When considering the distribution method, be sure to include at least one old-fashioned, U.S. postal service mailing.  This will capture organizations (assuming organizational memberships) whose key contact for your association has left the company with emails to that person dumping into an unattended inbox.

Before deactivating those final non-renewed members, engage the entire Membership Committee and Board of Directors in a telephone campaign. Generate a script covering the key reasons for renewal and questions to pose during the call. Parse out the names and phone numbers of the remaining non-renewed members with a “contact by” date so you can assess the success of these calls.

The value of this personal contact cannot be overstated. In addition to the high touch approach this signals to the uncommitted member, it’s an opportunity for leadership to engage with members and learn about their needs and expectations of the association. If the reason for a non-renewal is because needs are not being met, that is a strong message back to the leadership that needs further review.

Whether or not a personal call results in a renewal, the value of the conversation can be, as they say, “priceless.”

Aim high and settle for nothing less!

Want to know more about association management? Contact us at info@imiae.com to find out more about what IMI Association Executives can do for your organization.

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My First 90 Days at an AMC

2016.11.8 my first 90 days

By Meredith Parker, account associate

If I were being honest with you, I would have to admit that I had never heard of an Association Management Company (AMC) before I happened upon IMI Association Executives in my post-college job search.

I am the youngest member on the IMI staff; at the ripe old age of 22, I have just graduated from the University of North Carolina at Chapel Hill. I will be the first to admit that I am still growing into my shiny, new adult shoes; however, I already feel that working at an association for the past 90 days has given me the type of fulfillment that I have always desired and will always crave in my daily work.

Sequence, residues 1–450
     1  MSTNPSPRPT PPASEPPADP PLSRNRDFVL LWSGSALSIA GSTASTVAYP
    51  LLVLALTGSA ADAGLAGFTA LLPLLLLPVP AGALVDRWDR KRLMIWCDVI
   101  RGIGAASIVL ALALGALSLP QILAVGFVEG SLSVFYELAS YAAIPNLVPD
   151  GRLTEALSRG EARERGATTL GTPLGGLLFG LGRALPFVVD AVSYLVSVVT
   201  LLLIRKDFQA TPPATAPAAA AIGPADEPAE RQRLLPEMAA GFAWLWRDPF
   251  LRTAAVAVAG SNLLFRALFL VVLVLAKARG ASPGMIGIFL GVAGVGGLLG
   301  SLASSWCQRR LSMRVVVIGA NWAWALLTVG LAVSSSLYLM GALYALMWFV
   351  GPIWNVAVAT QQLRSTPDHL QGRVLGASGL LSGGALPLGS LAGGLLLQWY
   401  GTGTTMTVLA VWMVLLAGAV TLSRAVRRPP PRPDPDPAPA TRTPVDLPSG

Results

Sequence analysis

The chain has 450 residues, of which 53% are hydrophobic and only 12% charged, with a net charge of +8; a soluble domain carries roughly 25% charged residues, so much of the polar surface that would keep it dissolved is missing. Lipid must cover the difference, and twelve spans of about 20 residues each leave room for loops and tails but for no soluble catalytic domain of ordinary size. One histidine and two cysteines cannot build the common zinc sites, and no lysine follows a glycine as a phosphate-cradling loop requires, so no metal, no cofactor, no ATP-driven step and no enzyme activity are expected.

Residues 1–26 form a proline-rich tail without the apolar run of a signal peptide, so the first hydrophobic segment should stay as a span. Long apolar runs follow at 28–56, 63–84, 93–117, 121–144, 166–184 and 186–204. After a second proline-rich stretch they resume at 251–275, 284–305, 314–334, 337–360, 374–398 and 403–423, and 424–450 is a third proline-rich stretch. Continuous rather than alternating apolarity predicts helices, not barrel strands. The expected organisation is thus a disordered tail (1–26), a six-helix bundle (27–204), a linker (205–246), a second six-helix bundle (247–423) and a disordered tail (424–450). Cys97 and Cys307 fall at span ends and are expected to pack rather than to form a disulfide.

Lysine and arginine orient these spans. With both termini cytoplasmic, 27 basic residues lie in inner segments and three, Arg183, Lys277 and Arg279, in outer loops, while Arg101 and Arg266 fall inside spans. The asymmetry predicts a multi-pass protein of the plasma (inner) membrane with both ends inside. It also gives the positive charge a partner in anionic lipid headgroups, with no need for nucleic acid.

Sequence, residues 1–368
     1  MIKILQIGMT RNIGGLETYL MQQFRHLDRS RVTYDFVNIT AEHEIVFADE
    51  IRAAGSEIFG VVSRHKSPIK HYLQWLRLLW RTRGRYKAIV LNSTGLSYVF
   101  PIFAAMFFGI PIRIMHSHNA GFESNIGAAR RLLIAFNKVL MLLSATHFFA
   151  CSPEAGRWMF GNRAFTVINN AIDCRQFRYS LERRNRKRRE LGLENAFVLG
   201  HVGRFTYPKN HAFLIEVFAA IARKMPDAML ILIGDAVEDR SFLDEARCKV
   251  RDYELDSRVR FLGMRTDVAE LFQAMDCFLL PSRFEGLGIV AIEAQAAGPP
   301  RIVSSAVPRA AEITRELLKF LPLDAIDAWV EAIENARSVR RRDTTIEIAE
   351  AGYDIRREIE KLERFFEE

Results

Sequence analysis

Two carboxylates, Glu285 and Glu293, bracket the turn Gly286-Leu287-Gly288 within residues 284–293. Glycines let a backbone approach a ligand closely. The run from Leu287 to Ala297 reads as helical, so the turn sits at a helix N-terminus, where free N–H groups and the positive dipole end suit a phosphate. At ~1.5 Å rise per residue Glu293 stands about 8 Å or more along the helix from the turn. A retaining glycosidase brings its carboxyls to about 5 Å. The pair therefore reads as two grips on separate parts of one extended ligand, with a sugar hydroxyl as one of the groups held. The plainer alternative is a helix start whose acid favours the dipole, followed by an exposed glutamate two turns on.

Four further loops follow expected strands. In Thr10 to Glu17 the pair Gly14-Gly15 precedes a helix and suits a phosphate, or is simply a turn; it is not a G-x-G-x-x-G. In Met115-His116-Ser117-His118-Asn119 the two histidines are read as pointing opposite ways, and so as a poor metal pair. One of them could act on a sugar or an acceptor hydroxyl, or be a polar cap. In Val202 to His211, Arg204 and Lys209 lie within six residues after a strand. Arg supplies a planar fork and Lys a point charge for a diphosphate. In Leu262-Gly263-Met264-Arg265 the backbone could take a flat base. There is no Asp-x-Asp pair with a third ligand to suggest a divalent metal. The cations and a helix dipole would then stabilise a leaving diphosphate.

Ever since my childhood, I have completed countless hours of service through church, school, and various service organizations. When I first began college, I put so much pressure on myself to succeed academically that I did not take time for service work. After failing the third test in my Chemistry class, and expending countless hours of fruitless work on this subject, I had a life-affirming, crystallizing moment: I realized that I needed to find work that impassioned me and also for which I had an aptitude.

I quickly joined Student United Way, a volunteer organization on campus, and it felt like coming home. Completing service with this group allowed me to use my communication skills to connect with individual people and also helped me make a corner of the world a little better, a goal that has driven me for my entire life. I knew, then, that I wanted service to play a key role in my life.

I am thankful that the stars aligned and I was given the opportunity to work at IMI because it is founded upon the fundamental principle of service. In my work for my client, the International Lactation Consultant Association, my efforts serve to ameliorate global health through empowering lactation consultants to continue, improve, and expand their breastfeeding practice, which is the cause that excites me about coming to work every day. In addition, I have found an amazing community of like-minded, service-oriented individuals from which to learn. Since we are a company that manages many associations, everyone in our office has different work experiences and can offer unique insight into every topic from the best way to run a webinar to broader career advice. I feel like we are less a group of random people who happen to work together than a passionate, collaborative, caring community.

I am still a “spring chicken,” as we say in the South. As a fresh college graduate, I know that I have a lot to learn about being an adult, being an employee, and planning a career. It can be intimidating to look at the decades that I have in front of me and wonder how I can live my life to be fulfilling for me; however, instead of being afraid, I am excited. I think that IMI is a fertile field to plant my roots; I can’t wait to see how much I grow here.

Want to know more about association management? Contact us at info@imiae.com to find out more about what IMI Association Executives can do for your organization.

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Preparing Your Financials for the End of the Year

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By Adrian Emerson, accounting associate